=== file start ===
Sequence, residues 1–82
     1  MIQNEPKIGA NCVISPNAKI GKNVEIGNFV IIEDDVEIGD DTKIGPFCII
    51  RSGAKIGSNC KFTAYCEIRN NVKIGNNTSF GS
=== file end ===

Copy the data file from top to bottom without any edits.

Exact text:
Sequence, residues 1–82
     1  MIQNEPKIGA NCVISPNAKI GKNVEIGNFV IIEDDVEIGD DTKIGPFCII
    51  RSGAKIGSNC KFTAYCEIRN NVKIGNNTSF GS